The hunter-gatherer literature shows that “economic rationality” is peculiar to market capitalism and is an embedded set of cultural beliefs, not an objective universal law of nature. There are many other, equally rational, ways of behaving which do not conform to the laws of market exchange. The myth of economic man explains the organizing principle of contemporary capitalism, nothing more or less (Heilbroner 1993). It is no more rational than the myths which drive Hadza, Aborigine, or !Kung society. In industrial societies, however, the myth of economic man justifies the appropriation by a few of the human material culture which has evolved over millennia, and also the appropriation and destruction of the world’s physical and biological resources (Gowdy 1997).
HUNTER-GATHERERS AND THE MODERN WORLD
Hunter-gatherers were subject to the same foibles as all humans: aggression, jealousy, and avarice. Likewise, many groups of hunter-gatherers have had a profound impact on the natural environment, as any large species does (Flannery 1994, Gamble 1993). Such societies, however, were in ecological and social harmony to a degree unmatched in industrial societies. This is informative in itself, since humans have lived as hunter-gatherers for almost all of the time our species has been on this planet. Also informative is the relationship between social egalitarianism and environmental sustainability. The same features that promoted an egalitarian social structure – sharing, collective decision-making, and a knowledge-based economy – also promoted environmental harmony. Hunter-gatherers did not deliberately cultivate a higher ethical consciousness; their patterns of behavior were embedded in the material characteristics of their economies.
With the current population of the Earth approaching 6 billion, we cannot return to a hunting and gathering way of life, barring a catastrophic collapse of the human population. We can, however, work to incorporate some of the features of hunter-gatherer societies which worked to promote ecological and social harmony. These features include the following:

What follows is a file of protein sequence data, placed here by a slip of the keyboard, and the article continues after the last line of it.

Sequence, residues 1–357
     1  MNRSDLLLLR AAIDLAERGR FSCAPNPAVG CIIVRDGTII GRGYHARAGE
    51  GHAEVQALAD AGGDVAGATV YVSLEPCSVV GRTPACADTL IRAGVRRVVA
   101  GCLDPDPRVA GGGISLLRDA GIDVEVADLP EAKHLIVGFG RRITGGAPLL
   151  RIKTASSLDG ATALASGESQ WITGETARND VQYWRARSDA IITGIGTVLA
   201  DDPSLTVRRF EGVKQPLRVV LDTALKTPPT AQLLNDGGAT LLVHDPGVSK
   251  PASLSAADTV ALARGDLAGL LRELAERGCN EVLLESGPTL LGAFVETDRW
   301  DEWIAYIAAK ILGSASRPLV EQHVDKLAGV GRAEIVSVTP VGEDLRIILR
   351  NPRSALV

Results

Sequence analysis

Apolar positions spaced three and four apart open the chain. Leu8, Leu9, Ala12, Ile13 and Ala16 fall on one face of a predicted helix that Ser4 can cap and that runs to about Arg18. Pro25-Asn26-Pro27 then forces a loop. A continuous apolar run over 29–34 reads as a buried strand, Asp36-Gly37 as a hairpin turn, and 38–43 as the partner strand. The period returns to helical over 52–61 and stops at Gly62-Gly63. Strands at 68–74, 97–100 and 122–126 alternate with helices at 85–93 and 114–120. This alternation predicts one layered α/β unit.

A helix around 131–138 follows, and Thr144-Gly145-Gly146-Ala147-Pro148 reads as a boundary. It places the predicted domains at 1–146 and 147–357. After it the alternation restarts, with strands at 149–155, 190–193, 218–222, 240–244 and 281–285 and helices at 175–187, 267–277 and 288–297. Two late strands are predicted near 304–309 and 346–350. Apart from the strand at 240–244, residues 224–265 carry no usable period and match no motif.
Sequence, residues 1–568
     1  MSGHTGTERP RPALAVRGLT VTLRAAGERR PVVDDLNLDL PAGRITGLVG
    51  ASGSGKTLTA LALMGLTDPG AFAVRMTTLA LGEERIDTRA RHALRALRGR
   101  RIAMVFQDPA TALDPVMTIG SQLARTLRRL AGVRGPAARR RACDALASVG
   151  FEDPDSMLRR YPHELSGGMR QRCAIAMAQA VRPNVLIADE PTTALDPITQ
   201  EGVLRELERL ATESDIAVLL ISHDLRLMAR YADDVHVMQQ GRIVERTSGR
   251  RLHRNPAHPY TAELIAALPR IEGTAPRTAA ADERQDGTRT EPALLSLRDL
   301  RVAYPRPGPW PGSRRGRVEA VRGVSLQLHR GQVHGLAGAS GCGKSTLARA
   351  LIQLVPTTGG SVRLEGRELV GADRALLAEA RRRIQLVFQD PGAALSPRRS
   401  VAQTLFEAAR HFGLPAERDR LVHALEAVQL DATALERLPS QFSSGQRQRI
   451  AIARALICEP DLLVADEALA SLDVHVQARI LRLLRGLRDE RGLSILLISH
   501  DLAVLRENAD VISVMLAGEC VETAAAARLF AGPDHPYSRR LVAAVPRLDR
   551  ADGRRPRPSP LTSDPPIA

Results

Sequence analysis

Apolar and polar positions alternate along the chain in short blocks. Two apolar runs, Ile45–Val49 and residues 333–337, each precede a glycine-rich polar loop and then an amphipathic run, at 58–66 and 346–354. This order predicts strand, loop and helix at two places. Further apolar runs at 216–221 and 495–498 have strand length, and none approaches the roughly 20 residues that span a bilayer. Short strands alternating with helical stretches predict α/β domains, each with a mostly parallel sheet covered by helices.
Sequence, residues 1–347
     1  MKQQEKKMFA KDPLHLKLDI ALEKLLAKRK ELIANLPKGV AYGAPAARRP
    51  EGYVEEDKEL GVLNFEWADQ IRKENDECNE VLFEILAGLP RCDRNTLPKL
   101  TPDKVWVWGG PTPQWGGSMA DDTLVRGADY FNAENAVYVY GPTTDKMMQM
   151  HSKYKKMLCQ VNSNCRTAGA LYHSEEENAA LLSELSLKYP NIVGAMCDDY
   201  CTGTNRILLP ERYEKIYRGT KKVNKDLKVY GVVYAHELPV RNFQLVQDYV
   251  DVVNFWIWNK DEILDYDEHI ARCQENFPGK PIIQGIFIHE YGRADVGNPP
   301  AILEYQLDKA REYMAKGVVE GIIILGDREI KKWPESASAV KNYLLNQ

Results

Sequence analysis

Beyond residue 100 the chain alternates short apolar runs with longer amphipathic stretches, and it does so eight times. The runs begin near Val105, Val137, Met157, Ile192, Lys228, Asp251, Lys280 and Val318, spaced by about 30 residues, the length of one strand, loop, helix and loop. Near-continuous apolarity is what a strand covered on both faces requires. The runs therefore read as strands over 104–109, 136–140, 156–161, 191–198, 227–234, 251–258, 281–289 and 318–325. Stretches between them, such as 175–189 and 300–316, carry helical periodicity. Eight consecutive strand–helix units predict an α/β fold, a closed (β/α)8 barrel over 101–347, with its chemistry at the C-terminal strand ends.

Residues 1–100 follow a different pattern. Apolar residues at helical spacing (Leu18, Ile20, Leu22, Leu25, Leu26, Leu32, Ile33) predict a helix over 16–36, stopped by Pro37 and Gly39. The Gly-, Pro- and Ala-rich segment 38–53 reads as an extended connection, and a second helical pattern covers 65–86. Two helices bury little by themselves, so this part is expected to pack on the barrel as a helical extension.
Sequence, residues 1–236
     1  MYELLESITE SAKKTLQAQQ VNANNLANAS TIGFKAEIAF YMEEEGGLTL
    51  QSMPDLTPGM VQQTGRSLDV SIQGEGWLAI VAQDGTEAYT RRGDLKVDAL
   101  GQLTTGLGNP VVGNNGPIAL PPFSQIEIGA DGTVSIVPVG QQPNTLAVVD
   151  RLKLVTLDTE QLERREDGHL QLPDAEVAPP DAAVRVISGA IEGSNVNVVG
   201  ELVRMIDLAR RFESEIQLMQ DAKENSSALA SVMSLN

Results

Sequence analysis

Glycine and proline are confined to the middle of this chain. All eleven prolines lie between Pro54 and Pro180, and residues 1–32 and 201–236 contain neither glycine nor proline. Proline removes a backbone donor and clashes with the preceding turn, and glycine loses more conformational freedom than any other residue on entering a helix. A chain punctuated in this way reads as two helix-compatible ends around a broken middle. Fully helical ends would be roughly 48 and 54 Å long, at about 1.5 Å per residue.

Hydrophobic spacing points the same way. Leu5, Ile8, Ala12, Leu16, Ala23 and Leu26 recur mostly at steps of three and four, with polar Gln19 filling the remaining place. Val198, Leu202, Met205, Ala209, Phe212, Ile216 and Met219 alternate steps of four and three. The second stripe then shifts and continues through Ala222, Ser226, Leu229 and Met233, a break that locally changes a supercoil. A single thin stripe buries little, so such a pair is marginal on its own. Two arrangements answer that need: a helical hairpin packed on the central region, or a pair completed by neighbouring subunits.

In immediate-return societies every individual has a share of the social product, regardless of how much he or she has contributed to it. Social security can also play an important role in the sustainability of modern societies. Lappe and Schurman argue that social insurance in modern China has as much to do with the decline in the birth rate as does the one-child policy (Gordon and Suzuki 1990:104). Caldwell (1984) points to social security programs and old age pensions as playing a decisive, role in the reduction in population growth in Kerala (India) and Sri Lanka. He argues that when life is perceived to be secure, people do not need large families to ensure that they will be taken care of in old age.
Because immediate-return hunter-gatherers lived, for the most part, off the direct flows from nature, it was immediately apparent when the flow of nature’s services was disturbed. sustainability meant sustaining the ability of nature to provide the necessities of life. Hunter-gatherers have displayed the ability to substitute certain natural resources for many others, but care was taken to maintain the flow of nature’s bounty (Woodburn 1980:101).
Substitution is also one of the basic driving forces behind market economies, but it takes a much different, and virulent, form. In economic markets, no matter what the resource, a substitute for it will always appear if the price is right. However, since the ultimate measure of market value is monetary, all things are reduced to a single common denominator, money. Substitution is based on monetary values which may ignore essential characteristics not related to immediate market functions. According to economic criteria, an economy is sustainable, then, if its ability to generate income is maintained, that is, if the monetary value of its means of production is non-decreasing (Pearce and Atkinson 1993). By this criterion, it is “sustainable,” for example, to cut down a rainforest (a form of what economists call “natural capital”) if the net monetary gain from cutting the rainforest is invested for future generations. The type of investment does not matter. It could be another forest, an automobile factory, or even a financial investment. Natural capital and manufactured capital are substitutes, and thus everything is convertible, capable of being substituted for something else. This way of looking at the world masks the fact that we are sacrificing for ephemeral economic gains the viability of resources upon which our ultimate existence as a species depends.
Ecological economists have suggested sustainability policies that recognize the essential difference between natural resources and manufactured capital. Goodland, Daly, and El Serafy (1993) suggest two broad criteria for what they call “strong sustainability”: (1) maintaining the ability of the environment to assimilate the waste of industrial society, and (2) maintaining the stock of natural resources, such as topsoil, clean water, and clean air, necessary for economic activity.